This article is brought to you in partnership with our friends at Ordermentum.
To help venues plan for 2024, ResDiary’s Hospo Insights spoke to Aussie online ordering platform, Ordermentum, to understand current Australian ordering trends and forecasts.
Restaurants and cafes in 2024 can expect increased demand for ‘healthy’ coffee and hot drinks, ‘natural’ full-cream milk, greener packaging, healthy treats, and mushroom-based meats.
These are the forecasts from Ordermentum, an ordering and payments platform that connects over 40,000 Australian venues with 850 suppliers selling 340,000 products.
Will Deagan, Ordermentum’s Head of Growth, regularly analyses the network’s ordering data and says 2023 has seen the average consumer become increasingly conscious of health and sustainability.
With valuable intel on the supplier-venue relationship, Deagan can spot food and beverage trends as they emerge, and is confident the below five dining trends will continue into 2024.
1) Coffee Additions and Better Decaf
Deagan says that he has noticed an uptick in coffee additions and alternatives being added to venue carts in the past year.
“I’ve seen more venues ordering products like collagen, cacao, and turmeric - especially from distributors on the network.”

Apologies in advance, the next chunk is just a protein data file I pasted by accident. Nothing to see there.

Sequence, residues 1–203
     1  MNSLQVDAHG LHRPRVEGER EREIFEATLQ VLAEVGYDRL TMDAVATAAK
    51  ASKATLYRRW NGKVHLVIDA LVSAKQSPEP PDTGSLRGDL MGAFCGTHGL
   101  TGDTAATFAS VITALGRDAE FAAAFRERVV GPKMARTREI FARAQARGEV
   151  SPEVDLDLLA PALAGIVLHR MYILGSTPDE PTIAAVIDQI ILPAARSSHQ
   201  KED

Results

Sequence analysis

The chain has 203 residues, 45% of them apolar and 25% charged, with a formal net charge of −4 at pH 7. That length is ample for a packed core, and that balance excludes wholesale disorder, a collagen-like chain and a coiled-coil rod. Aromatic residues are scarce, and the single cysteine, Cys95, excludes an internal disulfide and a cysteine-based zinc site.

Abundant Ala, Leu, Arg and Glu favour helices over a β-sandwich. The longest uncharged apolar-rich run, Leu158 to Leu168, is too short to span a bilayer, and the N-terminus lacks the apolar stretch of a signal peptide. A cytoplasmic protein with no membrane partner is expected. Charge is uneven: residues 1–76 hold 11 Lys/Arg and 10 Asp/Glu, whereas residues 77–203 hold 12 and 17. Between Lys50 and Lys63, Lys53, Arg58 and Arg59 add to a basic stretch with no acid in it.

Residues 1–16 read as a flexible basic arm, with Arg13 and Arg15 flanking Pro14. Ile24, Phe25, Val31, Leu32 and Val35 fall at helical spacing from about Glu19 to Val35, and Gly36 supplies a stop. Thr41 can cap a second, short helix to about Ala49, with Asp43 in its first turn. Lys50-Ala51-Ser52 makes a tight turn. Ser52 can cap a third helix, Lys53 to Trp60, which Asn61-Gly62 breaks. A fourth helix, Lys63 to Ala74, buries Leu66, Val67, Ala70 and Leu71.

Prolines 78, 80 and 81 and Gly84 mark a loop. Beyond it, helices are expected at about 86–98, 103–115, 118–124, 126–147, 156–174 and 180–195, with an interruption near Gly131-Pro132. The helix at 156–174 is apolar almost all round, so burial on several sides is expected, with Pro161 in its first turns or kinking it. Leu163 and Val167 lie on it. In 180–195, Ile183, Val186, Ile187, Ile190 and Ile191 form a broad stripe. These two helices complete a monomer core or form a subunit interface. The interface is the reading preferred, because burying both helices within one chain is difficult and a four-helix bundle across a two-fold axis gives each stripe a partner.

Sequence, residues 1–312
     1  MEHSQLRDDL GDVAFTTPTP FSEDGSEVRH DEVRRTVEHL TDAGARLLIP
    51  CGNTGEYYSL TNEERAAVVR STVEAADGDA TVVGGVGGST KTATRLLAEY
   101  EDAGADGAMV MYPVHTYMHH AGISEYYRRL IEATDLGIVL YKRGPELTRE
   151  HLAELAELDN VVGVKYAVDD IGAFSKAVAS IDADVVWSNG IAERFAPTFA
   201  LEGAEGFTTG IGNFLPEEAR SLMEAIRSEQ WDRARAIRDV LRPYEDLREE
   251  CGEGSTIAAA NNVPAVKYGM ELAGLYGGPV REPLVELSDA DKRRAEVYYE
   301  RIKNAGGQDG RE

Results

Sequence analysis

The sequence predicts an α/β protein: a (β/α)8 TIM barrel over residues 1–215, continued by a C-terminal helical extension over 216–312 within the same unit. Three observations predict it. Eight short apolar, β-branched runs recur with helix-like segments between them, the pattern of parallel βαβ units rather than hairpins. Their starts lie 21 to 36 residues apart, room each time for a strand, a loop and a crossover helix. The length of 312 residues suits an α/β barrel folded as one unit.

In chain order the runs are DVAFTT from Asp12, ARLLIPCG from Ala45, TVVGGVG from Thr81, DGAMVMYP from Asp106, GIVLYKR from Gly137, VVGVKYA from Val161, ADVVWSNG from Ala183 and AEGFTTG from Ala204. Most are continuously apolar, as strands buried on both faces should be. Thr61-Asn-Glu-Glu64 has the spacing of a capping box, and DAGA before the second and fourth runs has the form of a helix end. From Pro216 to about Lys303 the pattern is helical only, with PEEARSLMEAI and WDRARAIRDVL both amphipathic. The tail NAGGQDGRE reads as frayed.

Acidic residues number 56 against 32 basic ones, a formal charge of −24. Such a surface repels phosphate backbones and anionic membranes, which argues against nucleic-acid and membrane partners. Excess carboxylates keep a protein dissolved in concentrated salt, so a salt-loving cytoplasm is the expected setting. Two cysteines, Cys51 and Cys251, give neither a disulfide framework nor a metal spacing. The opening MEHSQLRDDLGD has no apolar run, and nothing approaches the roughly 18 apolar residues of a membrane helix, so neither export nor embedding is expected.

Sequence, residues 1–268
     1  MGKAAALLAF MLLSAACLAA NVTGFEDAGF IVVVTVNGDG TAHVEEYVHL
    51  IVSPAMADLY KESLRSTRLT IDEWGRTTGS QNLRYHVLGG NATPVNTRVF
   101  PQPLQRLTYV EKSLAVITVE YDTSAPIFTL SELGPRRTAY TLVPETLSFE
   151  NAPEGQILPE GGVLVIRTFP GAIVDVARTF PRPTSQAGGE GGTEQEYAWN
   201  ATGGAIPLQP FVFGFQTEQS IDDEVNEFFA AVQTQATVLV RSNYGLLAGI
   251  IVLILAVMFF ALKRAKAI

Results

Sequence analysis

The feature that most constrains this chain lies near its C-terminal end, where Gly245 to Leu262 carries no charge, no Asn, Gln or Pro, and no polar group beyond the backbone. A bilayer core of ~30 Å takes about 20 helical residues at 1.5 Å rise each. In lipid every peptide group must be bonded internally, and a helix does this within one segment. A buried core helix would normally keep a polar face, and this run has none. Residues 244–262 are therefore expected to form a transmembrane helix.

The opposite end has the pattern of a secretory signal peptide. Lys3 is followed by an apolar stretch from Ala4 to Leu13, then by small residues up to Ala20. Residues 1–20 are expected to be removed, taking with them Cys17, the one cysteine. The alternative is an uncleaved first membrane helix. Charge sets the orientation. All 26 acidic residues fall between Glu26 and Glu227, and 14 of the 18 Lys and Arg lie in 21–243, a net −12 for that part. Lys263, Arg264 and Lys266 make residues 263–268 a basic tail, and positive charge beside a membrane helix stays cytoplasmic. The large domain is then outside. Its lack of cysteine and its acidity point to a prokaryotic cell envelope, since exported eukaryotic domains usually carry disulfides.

He says it matches the consumer demand for wellness products that has been steadily increasing since 2020.
“A few years ago, we weren’t seeing many venues with things like medicinal mushroom drinks and coffees on the the menu, but these are becoming much more common, specially in Sydney and Melbourne.”
This desire for wellness extends to decaf coffee, because many consumers are becoming more conscious of their caffeine consumption.
“People want to have their coffee, and drink it more than once a day too. But, interestingly, our suppliers say there are more venue orders for decaf coffee at the start of every year, and then it starts to taper off as the year goes by.“
2. Dairy Milk Still Reigns (but don't forget oat)
“Some of our cafes tell us they believe that oat has well and truly taken over soy as the preferred non-dairy alternative” says Deagan.
“It’s true that soy milk volumes have fallen as almond and oat milk have taken over but our data shows that almond is the most ordered alternative milk. It will be interesting to see what happens over the next 12 months because oat - in contrast to almond - is more sustainable.”
Anecdotally, many venues have also reported a swing back to dairy, but ordering volumes suggest there was never a drop in demand for full cream milk in the first place.
“Despite the plant milk buzz, orders for full-cream milk have remained steady over the past couple of years. What has changed is that some consumers have gone back to full-cream for coffee. That’s because a lot of alternative milks have preservatives, which the wellness-oriented consumer is shying away from.
“It should also be noted that many consumers - and baristas alike - are becoming fussier about their dairy. They’re honing in on high quality, single origin milks for coffee.”
3. Packaging Goes Green
Each state and territory government has outlined their own approach and timelines to achieve the nationally-agreed 2025 waste and packaging targets, and as the deadline approaches, it’s very clear that consumers have been demanding greener packaging for the past two years.